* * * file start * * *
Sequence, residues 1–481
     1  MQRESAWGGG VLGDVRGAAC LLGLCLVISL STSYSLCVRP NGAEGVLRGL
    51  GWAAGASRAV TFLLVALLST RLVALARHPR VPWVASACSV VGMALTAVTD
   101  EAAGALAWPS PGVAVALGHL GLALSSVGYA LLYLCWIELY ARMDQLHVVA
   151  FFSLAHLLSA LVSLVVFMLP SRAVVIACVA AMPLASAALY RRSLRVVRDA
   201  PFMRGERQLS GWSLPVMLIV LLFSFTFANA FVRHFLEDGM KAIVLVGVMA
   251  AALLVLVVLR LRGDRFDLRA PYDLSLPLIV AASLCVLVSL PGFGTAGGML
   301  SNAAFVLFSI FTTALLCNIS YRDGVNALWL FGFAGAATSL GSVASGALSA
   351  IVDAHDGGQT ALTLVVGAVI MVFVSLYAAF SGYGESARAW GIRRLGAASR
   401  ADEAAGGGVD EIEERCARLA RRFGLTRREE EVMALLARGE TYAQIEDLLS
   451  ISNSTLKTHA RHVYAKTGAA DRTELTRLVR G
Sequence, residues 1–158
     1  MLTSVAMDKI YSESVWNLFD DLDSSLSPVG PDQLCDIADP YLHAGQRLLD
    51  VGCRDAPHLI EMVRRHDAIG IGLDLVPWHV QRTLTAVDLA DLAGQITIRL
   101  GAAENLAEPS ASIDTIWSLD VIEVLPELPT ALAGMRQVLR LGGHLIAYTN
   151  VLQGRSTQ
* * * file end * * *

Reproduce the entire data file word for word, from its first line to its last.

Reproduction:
Sequence, residues 1–481
     1  MQRESAWGGG VLGDVRGAAC LLGLCLVISL STSYSLCVRP NGAEGVLRGL
    51  GWAAGASRAV TFLLVALLST RLVALARHPR VPWVASACSV VGMALTAVTD
   101  EAAGALAWPS PGVAVALGHL GLALSSVGYA LLYLCWIELY ARMDQLHVVA
   151  FFSLAHLLSA LVSLVVFMLP SRAVVIACVA AMPLASAALY RRSLRVVRDA
   201  PFMRGERQLS GWSLPVMLIV LLFSFTFANA FVRHFLEDGM KAIVLVGVMA
   251  AALLVLVVLR LRGDRFDLRA PYDLSLPLIV AASLCVLVSL PGFGTAGGML
   301  SNAAFVLFSI FTTALLCNIS YRDGVNALWL FGFAGAATSL GSVASGALSA
   351  IVDAHDGGQT ALTLVVGAVI MVFVSLYAAF SGYGESARAW GIRRLGAASR
   401  ADEAAGGGVD EIEERCARLA RRFGLTRREE EVMALLARGE TYAQIEDLLS
   451  ISNSTLKTHA RHVYAKTGAA DRTELTRLVR G
Sequence, residues 1–158
     1  MLTSVAMDKI YSESVWNLFD DLDSSLSPVG PDQLCDIADP YLHAGQRLLD
    51  VGCRDAPHLI EMVRRHDAIG IGLDLVPWHV QRTLTAVDLA DLAGQITIRL
   101  GAAENLAEPS ASIDTIWSLD VIEVLPELPT ALAGMRQVLR LGGHLIAYTN
   151  VLQGRSTQ